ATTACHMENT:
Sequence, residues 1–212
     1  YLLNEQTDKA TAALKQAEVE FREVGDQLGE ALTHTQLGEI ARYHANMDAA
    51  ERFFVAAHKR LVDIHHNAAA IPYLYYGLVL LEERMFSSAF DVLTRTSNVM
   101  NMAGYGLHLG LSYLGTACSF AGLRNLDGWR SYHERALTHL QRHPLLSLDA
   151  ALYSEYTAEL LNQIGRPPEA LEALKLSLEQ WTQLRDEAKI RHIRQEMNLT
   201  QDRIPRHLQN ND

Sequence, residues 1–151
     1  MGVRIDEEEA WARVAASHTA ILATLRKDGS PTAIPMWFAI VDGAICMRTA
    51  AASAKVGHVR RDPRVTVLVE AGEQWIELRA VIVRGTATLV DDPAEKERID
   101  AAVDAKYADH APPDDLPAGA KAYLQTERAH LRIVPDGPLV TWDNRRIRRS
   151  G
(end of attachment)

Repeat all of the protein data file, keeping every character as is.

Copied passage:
Sequence, residues 1–212
     1  YLLNEQTDKA TAALKQAEVE FREVGDQLGE ALTHTQLGEI ARYHANMDAA
    51  ERFFVAAHKR LVDIHHNAAA IPYLYYGLVL LEERMFSSAF DVLTRTSNVM
   101  NMAGYGLHLG LSYLGTACSF AGLRNLDGWR SYHERALTHL QRHPLLSLDA
   151  ALYSEYTAEL LNQIGRPPEA LEALKLSLEQ WTQLRDEAKI RHIRQEMNLT
   201  QDRIPRHLQN ND

Sequence, residues 1–151
     1  MGVRIDEEEA WARVAASHTA ILATLRKDGS PTAIPMWFAI VDGAICMRTA
    51  AASAKVGHVR RDPRVTVLVE AGEQWIELRA VIVRGTATLV DDPAEKERID
   101  AAVDAKYADH APPDDLPAGA KAYLQTERAH LRIVPDGPLV TWDNRRIRRS
   151  G